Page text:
Judge In Trump’s Jan. 6 Case Changes Course, Freezes Gag Order Amid Criticism


OPINION: This article may contain commentary which reflects the author's opinion.

The federal judge overseeing the alleged election subversion case against former President Donald Trump has reversed course on a previous order she issued, much to the chagrin of special counsel Jack Smith, who charged Trump in the case.

U.S. District Judge Tanya Chutkan temporarily froze the gag order she previously issued against the 45th president in her Washington, D.C., courtroom on Friday “to give the parties more time to brief her on the former president’s request to pause the order while his appeal of it plays out,” CNN reported.

The outlet added: “Chutkan also said that the Justice Department has until Wednesday to respond to Trump’s request for a longer pause on the gag order and that Trump would have until the following Saturday to reply to the government’s filing. Trump has already appealed the gag order to the DC Circuit Court of Appeals and in a 33-page filing on Friday, his attorneys urged Chutkan to pause the order while that appeal plays out.”

“Trump has already appealed the gag order to the DC Circuit Court of Appeals and in a 33-page filing on Friday, his attorneys urged Chutkan to pause the order while that appeal plays out,” CNN added.


Chutkan’s pause of her own order came just a few days after a contentious hearing, after which she issued the order, which some observers said was far more broad in scope than several media outlets claimed.

It’s not clear why Chutkan reversed herself and froze her own order, but it could be over concerns that higher federal courts will overturn it — and they should, according to a growing number of opinions, both on the left and right.

Chandra Bozelko, a 2023 Harry Frank Guggenheim Criminal Justice Reporting Fellow at the John Jay College of Criminal Justice, wrote in USA Today that she believes Chutkan’s order is blatantly unconstitutional:

“In what kind of case do you think it would be appropriate for a criminal defendant to call the prosecutor a thug and stay on the streets?” U.S. District Judge Tanya Chutkan asked Donald Trump’s attorney John Lauro on Monday during a hearing on whether the former president’s speech should be restricted. 

Lauro didn’t provide the correct answer, which is this: all of them.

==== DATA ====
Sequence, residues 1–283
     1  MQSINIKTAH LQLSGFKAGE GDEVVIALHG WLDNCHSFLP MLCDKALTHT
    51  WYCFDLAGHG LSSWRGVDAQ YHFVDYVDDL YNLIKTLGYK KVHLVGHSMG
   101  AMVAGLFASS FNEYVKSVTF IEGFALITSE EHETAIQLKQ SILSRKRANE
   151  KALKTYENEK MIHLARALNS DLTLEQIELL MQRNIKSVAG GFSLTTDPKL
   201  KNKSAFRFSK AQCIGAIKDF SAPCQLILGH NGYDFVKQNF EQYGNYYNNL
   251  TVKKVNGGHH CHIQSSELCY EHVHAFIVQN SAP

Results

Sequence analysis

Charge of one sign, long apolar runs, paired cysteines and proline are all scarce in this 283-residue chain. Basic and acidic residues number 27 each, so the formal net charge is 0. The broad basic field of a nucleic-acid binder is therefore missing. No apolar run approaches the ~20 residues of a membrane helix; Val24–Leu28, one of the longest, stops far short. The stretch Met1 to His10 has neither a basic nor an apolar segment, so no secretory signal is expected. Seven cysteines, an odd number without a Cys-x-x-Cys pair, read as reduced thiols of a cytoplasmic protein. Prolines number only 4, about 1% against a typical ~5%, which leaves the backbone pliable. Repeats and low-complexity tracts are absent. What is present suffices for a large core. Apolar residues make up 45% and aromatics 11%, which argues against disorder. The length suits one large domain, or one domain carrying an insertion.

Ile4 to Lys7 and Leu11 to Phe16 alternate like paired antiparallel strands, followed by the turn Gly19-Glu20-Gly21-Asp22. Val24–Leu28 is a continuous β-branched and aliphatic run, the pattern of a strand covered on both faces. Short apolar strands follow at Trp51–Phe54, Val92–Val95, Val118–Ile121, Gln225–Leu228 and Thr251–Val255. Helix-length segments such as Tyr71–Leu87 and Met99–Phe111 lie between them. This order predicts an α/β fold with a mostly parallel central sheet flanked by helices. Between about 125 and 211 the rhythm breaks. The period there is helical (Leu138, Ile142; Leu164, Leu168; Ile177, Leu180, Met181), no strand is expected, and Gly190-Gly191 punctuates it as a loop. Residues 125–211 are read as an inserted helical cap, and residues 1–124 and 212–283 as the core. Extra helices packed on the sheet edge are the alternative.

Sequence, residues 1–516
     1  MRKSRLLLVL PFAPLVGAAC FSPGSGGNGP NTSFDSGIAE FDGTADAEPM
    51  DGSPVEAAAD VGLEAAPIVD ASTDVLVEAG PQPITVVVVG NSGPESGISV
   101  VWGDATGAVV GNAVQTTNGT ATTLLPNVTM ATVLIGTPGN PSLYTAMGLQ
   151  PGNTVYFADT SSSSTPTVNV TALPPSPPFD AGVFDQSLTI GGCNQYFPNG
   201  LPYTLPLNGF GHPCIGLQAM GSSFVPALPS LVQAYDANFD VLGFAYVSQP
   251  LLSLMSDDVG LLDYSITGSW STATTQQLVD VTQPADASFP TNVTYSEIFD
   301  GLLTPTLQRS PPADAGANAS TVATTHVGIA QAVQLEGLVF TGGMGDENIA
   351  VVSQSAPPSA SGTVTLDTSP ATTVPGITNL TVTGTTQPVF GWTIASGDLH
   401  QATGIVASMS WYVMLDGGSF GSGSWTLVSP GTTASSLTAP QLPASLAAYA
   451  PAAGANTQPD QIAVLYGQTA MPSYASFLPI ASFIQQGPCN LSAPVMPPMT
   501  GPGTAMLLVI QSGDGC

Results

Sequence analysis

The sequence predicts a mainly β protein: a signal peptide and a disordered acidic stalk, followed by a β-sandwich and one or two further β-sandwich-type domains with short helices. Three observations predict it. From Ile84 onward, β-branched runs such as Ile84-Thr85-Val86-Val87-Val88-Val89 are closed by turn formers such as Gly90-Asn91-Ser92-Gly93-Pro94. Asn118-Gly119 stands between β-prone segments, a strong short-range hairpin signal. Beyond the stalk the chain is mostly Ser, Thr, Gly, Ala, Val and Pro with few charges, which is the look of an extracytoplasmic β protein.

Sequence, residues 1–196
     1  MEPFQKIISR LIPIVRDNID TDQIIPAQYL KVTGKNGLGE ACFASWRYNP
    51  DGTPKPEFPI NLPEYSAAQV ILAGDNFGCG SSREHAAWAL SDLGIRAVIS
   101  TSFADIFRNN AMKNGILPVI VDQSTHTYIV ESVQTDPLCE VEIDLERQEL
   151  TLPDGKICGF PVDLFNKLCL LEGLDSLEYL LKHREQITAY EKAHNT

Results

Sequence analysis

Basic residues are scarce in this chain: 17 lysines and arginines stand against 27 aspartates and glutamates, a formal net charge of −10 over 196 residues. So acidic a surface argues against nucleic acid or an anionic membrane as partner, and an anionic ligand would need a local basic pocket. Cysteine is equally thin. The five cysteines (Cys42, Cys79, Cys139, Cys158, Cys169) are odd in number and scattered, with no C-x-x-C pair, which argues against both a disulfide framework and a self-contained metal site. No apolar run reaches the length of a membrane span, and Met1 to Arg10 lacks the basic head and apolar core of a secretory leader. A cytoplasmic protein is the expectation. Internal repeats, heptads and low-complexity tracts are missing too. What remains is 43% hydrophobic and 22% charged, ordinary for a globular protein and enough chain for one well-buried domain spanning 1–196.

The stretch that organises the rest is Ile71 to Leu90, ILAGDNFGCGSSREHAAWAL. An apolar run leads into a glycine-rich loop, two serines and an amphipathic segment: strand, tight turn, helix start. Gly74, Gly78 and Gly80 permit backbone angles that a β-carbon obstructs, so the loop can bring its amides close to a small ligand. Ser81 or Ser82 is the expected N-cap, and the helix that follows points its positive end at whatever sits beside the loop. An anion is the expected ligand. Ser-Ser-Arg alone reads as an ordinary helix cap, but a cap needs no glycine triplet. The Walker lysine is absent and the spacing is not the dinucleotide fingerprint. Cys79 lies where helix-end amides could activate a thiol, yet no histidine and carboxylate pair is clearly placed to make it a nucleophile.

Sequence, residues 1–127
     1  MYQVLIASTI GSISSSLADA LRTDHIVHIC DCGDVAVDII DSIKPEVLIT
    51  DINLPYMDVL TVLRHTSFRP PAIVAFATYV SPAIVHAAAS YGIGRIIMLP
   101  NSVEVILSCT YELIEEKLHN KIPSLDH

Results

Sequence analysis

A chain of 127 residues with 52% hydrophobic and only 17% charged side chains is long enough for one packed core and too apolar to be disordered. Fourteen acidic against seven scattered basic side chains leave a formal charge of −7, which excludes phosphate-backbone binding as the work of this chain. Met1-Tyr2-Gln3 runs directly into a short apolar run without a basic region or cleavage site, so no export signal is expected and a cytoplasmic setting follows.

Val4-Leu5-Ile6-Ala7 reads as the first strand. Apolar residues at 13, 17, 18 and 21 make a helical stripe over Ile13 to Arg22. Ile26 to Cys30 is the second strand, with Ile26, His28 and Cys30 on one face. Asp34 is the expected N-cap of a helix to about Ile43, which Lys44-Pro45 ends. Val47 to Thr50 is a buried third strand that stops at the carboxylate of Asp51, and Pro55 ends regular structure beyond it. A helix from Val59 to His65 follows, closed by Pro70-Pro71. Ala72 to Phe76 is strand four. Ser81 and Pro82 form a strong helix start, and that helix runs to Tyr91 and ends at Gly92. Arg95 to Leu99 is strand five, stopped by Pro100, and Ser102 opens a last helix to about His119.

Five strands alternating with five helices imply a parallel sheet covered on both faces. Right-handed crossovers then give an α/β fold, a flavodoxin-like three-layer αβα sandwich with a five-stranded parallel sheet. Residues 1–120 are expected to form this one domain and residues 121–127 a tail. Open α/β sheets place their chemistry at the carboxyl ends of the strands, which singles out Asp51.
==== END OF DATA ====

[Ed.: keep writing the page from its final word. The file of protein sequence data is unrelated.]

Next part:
She went on to note that criminal defendants often publicly demonstrate as much disdain for prosecutors as prosecutors do for them. “The only difference with Trump’s calling special counsel Jack Smith a thug is that no one was listening when these other defendants insulted their prosecutors,” she wrote.

Bozelko said that prosecutors and defendants “talking smack” is just “part of the game” and that for Chutkan to suggest it doesn’t happen very often “is not only disingenuous on” her part but “it’s also a misunderstanding of the importance of the defendant’s voice in criminal cases – one that could prove unconstitutional.”

She likened that to Chutkan, a former public defender, to not understanding the concept of a legal defense.

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“A defendant’s rights may be in tension with the First Amendment rights of the news media, but that’s not what’s happening with the former president. This isn’t even a situation where a lawyer’s speech is restrained,” Bozelko added. “That has happened in the past on occasion, such as the gag order in the trial of the Los Angeles police officers accused of beating Rodney King. Those are the two situations that courts have reviewed in the past, but telling a defendant he can’t speak is unprecedented.”

She concluded: “The constitutional fallout of Chutkan’s partial gag order is yet to be seen; Trump has said that he’ll appeal it before the case is over. Stopping him from speaking is stopping him from defending himself, and that’s something no judge presiding over a criminal case should ever be allowed to do.”